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What Seeds Are You Sowing?


You reap what you sow—this is true in agriculture and true in your career.

Just ask Carter Cast, a clinical professor at the Kellogg School of Management at Northwestern University. Cast conducted extensive research on the factors that affect career success and failure, and found that somewhere between 30 and 67 percent of leaders involuntarily derail at some point in their careers.

For the record, “career derailment” is a nice way of describing when a person gets fired, demoted, or stalls out far short of expectations.

If you’ve spent much time in a large organization, you know what I’m talking about. Someone appears to be on the fast-track to the top and then, in what seems like a blink of an eye, they’re reassigned to work on “special projects.” Not long after, there’s an announcement that they’ve left the organization. And while the official reason for their departure has to do with spending more time with family or pursuing other opportunities, everybody knows something bad happened.

In moments like these, avoid the temptation to pound your chest and make Darwinian references about the survival of the fittest. Not only would this be a crass example of your lack of empathy, but the costs of career derailment are high for more than just the individual involved. Some estimates of the organizational cost reach as high as 20 times the derailed employees’ salaries. The percentages also indicate that any of us could fall victim to this fate if we’re not sowing the right seeds.

If you want to avoid derailment and stay on track to reach your goals, you should consider the law of sowing and reaping. As you read the list below, ask yourself whether you are at risk and what you can do about it.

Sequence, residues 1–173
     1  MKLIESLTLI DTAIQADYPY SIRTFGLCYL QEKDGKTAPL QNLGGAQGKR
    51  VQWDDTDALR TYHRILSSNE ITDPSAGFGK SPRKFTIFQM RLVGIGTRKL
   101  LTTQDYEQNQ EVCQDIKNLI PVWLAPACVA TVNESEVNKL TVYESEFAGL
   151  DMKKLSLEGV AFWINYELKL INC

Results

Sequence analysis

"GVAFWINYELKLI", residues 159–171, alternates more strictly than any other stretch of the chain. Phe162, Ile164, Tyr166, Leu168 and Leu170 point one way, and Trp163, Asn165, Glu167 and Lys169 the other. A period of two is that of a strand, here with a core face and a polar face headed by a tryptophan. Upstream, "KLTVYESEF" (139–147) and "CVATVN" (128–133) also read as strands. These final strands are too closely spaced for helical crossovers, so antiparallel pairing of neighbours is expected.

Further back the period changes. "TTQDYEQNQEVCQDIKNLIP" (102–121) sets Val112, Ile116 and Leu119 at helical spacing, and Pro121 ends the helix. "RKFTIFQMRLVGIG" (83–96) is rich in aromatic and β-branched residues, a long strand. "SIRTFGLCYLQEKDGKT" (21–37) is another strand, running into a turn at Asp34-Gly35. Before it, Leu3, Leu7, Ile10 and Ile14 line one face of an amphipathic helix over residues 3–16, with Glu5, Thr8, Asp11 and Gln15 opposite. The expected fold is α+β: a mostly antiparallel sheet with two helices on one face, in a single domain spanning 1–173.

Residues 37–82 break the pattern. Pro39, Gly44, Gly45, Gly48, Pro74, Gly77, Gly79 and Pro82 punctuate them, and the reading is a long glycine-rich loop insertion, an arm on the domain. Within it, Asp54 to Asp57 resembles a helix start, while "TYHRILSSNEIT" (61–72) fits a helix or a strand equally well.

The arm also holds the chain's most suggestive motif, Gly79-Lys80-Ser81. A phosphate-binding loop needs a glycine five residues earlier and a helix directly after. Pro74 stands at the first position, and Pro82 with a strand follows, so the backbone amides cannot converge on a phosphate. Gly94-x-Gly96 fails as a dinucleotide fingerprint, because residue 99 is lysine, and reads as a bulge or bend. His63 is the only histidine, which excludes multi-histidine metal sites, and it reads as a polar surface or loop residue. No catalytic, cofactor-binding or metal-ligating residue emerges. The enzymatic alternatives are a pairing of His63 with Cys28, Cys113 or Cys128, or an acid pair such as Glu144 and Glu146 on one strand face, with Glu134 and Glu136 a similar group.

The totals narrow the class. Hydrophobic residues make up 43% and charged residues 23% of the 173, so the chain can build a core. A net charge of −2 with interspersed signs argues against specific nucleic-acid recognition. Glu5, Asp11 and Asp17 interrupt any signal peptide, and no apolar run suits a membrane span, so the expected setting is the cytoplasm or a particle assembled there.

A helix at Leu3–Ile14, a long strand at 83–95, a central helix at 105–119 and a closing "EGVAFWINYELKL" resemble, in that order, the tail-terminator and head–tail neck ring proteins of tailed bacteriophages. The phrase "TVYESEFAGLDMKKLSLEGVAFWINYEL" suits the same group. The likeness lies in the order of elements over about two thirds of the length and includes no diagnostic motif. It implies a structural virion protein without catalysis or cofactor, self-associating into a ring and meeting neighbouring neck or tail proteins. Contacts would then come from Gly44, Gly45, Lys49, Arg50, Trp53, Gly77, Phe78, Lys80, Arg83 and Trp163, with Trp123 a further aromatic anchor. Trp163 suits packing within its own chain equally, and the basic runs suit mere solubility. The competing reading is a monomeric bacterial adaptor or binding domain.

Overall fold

Seeds of Derailment
Most managers don’t fail because of a lack of intelligence, talent, or work ethic. They fail because of their inability to work effectively with people. Blind spots prevent them from seeing how their behavior may be rubbing others the wrong way and how these behaviors can eventually inhibit collaboration, communication, and lead to interpersonal conflict. When this happens, key contributors disengage, deadlines are missed, and projects stall.

These seeds of derailment show up in different forms, but some of the most common relational issues are:

  • Lack of Self-Awareness: Self-awareness is the solid foundation on which all professional and personal development is built. A lack of self-awareness creates blind spots and will make it impossible to grow as a leader. Blind spots can also affect your judgment and lead to faulty decisions. Just as you must make an overt effort to turn your head to see into your blind spot when you’re driving a car before you can safely change lanes, it takes special effort to see into your professional and personal blind spots that might impede your ability to make good decisions and form relationships. Most often, the special insight provided by a scientifically valid assessment like the SDI 2.0, honest feedback from others, or a combination of both.